HNN: Chris, how were the directorial duties split up between you & Lucky?

CS: We both did everything. We never sat down ahead of time to divide duties. I probably wouldn’t be able to do that with anyone else but I’ve known Lucky for so long & we both learned how to make movies together, we’re really close. There’s just a very natural give and take between us – it’s hard to describe but I guess you could call it very intuitive. We’re both really hands on with the movies we make and it was no different here.

HNN: But there had to be some disagreements. Opinions had to differ every once in a while…

CS: Of course, otherwise we’d be robots! But when we hit something that one of us wasn’t crazy about we just came up with something else. Although you can make a movie all by yourself if you want [laughing], but it’s not going to be very interesting. The very nature of film making is collaboration, it’s a collaborative process. This was good, especially with us coming from making these hardcore independent films where we had a lot of creative control, to have to share that with a bunch of cheerleaders was good for us. It was good for us as film makers and it expanded our knowledge and feelings about collaboration. It was a good thing when we disagreed on something because it meant that we both had to collaborate and find a mutual ground between the both of us. A lot of the time the things we disagreed on led to much better ideas actually.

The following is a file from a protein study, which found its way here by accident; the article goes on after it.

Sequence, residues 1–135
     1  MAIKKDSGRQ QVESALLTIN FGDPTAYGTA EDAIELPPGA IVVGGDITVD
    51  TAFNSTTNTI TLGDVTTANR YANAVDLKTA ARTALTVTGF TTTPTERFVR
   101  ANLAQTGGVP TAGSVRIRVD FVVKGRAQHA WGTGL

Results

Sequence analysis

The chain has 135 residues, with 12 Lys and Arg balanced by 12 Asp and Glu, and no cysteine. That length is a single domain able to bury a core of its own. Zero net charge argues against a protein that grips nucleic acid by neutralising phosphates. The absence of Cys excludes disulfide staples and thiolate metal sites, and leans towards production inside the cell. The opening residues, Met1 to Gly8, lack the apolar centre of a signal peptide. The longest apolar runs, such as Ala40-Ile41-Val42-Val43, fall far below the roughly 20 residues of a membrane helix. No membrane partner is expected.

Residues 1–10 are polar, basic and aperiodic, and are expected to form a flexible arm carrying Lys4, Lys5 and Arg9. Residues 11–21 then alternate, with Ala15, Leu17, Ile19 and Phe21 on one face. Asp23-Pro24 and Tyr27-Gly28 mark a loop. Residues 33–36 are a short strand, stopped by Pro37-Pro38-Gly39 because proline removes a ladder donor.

HNN: Are there plans to work together again in the future? Maybe on a sequel?


CS: [Laughing] If the audience wants a sequel, we have the story pretty much mapped out already. We’ll just have to wait & see I guess.


HNN: I spoke with Sianoa (Smit-McPhee) yesterday and she was all gung ho for a sequel and so was I.

LM: Oh cool, she’s great isn’t she?

HNN: Yup. And she has the greatest name! How long did it take to finish the film?

LM: It was slightly less than a year from the beginning of casting to the premiere in Toronto.

HNN: And what kind of reception did the film get at Toronto? (TIFF – Toronto International Film Festival)

CS: It was fun! We were the opening night film there. The movie was made to get reactions from an audience so it was fun to hear a crowd of 1200 people reacting to it at midnight. It’s supposed to be a party movie and it was taken in that light so it was a lot of fun.


HNN: Now that All Cheerleaders Die is finished what’s up next for both of you either individually or as a pair?

LM: Right now I’m just writing. I’ve got a couple of things on the burner that I’m really excited about, but we’d really like to continue this series because we both feel like this is just act one of a much larger story that we have in mind for the cheerleaders.

CS: I’m pretty much in the same spot, writing a variety of things right now. I’m always trying to have several projects ready to go because you never know what’s gonna get made and what’s not, so I’m always trying to have as much ready as I can. And I’m very excited about what the reaction to this film will be!

All Cheerleaders Die will be available on VOD on May, 8th.